most of them. and it costs more if you use it; as it drains energy. most probably will - air conditioning is wonderful.

    none of which changes the fact that the claim that people were better off in the 1950's because they didn't pay for air conditioning remains bunk.

    Once again, things are not always black and white.
    that's correct - most of these poor people appear to be living lives that would have been considered generally lower-middling class in the 1950's.

    There are plenty of reasons for people to have luxuries or more than you feel they should once they become poor.
    it's not a matter of whether I feel that they should or shouldn't. but we should keep it in mind when fools try to tell us how awesome everyone had it back in the 50's and how crappy we have it today.

    Are you planning on taking away these people's possessions once they become poor just so that you feel justified in helping them?
    nope. but I would prefer to help the truly needy, and I would prefer to help them in ways that encourage good behavior rather than bad behavior.

    What the hell good is that going to do? Even if they have a couple of cars and a house, all probably are really owned by the bank(s). The vast majority of people who become poor are likely not going to have enough assets, such as TVs and other electronics, including game consoles, for you to sell to make back even a small portion of money that might be needed to help them get on their feet again.
    the vast majority of people who "become poor" do so (according to Pew) for the following reasons:

    1. divorce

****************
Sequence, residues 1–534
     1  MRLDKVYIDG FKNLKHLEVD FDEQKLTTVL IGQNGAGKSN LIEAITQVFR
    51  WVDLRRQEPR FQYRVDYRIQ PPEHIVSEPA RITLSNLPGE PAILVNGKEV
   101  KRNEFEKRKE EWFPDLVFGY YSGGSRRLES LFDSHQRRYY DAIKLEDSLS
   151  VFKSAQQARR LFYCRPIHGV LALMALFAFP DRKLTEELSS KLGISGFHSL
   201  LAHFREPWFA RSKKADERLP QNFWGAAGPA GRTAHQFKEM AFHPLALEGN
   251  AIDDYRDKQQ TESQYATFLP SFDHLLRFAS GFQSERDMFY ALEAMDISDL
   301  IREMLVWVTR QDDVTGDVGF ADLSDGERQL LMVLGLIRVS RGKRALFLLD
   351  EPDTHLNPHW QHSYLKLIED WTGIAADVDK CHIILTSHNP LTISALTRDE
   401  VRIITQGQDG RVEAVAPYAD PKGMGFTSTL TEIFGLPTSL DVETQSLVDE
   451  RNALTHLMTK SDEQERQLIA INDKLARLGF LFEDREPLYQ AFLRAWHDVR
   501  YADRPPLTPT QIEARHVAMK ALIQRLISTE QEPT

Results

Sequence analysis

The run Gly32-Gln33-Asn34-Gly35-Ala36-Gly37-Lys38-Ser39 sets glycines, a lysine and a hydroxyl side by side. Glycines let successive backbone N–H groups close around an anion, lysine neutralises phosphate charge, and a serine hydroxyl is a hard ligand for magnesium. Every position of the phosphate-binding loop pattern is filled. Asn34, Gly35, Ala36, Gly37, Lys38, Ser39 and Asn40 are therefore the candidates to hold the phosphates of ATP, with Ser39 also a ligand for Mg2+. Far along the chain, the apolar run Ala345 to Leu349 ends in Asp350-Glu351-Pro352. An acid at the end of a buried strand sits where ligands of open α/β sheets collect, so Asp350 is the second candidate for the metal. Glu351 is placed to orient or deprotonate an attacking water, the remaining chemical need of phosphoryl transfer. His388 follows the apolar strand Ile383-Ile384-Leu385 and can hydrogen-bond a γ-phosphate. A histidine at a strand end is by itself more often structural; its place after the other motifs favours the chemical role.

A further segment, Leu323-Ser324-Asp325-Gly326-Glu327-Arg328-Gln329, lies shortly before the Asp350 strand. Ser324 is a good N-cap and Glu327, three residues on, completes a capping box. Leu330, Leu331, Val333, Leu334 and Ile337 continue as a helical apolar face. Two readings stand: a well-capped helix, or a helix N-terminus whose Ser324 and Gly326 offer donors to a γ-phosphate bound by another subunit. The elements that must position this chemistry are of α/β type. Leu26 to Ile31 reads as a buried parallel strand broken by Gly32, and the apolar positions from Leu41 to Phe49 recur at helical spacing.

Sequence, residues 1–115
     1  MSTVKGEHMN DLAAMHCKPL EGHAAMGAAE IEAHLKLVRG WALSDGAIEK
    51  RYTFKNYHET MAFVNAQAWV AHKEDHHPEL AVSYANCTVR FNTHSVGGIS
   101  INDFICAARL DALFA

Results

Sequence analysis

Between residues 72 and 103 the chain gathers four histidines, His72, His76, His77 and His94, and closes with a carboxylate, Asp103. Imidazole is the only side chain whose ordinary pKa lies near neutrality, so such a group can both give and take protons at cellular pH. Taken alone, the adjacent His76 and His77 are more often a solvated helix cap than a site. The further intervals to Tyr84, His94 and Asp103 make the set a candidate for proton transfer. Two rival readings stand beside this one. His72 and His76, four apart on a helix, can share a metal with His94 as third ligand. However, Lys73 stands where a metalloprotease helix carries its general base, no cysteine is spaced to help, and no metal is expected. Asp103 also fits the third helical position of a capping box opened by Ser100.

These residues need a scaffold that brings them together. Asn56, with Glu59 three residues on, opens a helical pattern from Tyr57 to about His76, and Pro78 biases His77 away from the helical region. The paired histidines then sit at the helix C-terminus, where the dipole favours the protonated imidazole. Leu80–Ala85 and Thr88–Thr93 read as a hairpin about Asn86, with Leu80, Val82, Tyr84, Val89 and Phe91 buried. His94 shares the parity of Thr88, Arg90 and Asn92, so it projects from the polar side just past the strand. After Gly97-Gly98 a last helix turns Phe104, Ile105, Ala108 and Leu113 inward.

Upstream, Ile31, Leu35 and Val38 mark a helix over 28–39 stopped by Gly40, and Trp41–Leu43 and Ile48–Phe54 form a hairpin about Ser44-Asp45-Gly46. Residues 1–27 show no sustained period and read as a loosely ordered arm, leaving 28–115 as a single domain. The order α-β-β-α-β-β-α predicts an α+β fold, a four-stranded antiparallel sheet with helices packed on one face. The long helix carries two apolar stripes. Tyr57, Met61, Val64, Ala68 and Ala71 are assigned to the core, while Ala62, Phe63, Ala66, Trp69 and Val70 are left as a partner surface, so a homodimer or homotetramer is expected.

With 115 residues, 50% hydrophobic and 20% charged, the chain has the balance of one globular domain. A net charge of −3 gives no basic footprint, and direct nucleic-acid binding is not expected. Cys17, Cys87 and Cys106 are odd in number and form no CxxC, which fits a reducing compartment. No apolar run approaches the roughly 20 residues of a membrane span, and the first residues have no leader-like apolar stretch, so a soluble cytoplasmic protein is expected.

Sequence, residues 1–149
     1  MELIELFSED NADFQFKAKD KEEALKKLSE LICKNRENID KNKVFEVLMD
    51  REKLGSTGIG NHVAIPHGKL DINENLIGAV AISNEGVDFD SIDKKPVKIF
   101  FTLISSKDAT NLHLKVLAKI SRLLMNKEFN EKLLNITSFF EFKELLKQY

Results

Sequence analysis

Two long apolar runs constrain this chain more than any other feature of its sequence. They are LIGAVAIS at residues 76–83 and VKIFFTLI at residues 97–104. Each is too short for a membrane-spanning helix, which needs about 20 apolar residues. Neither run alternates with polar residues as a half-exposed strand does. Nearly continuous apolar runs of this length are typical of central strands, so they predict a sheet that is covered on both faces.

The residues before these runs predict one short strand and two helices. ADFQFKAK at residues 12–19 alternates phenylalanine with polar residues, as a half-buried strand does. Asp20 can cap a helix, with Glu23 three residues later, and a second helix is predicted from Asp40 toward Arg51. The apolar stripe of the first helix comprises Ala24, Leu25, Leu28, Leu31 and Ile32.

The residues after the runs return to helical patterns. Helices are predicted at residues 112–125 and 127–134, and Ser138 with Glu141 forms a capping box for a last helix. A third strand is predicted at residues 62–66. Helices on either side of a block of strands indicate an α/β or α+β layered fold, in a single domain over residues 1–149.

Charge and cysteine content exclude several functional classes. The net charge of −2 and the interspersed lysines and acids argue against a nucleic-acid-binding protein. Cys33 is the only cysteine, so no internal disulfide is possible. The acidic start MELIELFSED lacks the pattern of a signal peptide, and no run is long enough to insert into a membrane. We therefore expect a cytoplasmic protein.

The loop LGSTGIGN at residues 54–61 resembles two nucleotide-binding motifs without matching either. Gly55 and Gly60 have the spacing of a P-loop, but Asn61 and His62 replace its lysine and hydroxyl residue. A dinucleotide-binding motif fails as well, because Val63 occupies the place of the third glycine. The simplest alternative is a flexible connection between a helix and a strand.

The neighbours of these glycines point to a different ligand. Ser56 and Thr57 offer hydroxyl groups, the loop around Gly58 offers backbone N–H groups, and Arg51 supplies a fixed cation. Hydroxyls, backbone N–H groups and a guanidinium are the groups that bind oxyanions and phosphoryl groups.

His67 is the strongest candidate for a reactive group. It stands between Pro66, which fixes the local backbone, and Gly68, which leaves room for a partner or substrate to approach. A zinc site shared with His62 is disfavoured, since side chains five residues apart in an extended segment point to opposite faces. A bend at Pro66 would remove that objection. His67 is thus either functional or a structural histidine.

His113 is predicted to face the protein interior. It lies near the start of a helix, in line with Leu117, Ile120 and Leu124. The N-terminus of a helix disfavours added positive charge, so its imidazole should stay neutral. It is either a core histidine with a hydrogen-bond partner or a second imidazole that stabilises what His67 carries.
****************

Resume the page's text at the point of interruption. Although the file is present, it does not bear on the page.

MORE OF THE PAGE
2. never married other parent of children
    3. used 'hard' drugs
    4. did not graduate high school

    those are all behavioral decisions that these people made. you can't help them by just giving them money - you only enable continued bad decision making, which will keep them in poverty.

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    Re: The 53%: We are NOT Occupy Wall Street

    Quote Originally Posted by cpwill View Post
    I do financial counseling in the military - and so I am dealing with junior enlisted who generally come from our lower to lower-middle class, and who make very little money. I think I could probably count the number of Marines who have come to me with no credit card debt on one hand. kids coming out of highschool are carrying balances.
    If they are jr enlisted and coming to you, there is a good possibility that they are going to be those most likely to have credit card debt, since you are the financial counselor. I have never had a credit card. I knew few young sailors who did. Most lived off of their paychecks. We had some who would buy cars that were way out of their budget, but that was actually rare.

    Quote Originally Posted by cpwill View Post
    by denying them care - the people you are describing already have UHC: we call it "Medicaid". now, I would be 100% in favor of modifications to Medicaid similar to what Indiana is doing, which allows the poor (who are often the young) to build wealth off their health, but that's a state-by-state decision.
    Which is not reasonably going to happen in this country. And shouldn't happen.

    And, no, Medicaid is not available to most adults. Despite what some may believe, Medicaid is only available, for the most part, in most states, to certain people, such as the blind, aged, and disabled, children and pregnant women, and certain adults with children in their household may be eligible to get Medicaid. There are a lot of stipulations on this though, including a financial assessment that takes into account every bit of money you have and possibly anything that you could reasonably sell for value. If you own a vehicle worth over a couple thousand dollars, your family may not be eligible for Medicaid even if you would otherwise qualify.

    Quote Originally Posted by cpwill View Post
    would simply encourage them to locate their headquarters overseas as well, and limit their business in America.
    Where exactly are they going to move to? And how are most companies honestly going to make more money limiting their business in America? Isn't America the biggest consumers? Plus, wouldn't that actually help Americans? We are likely going to need those jobs.

    Quote Originally Posted by cpwill View Post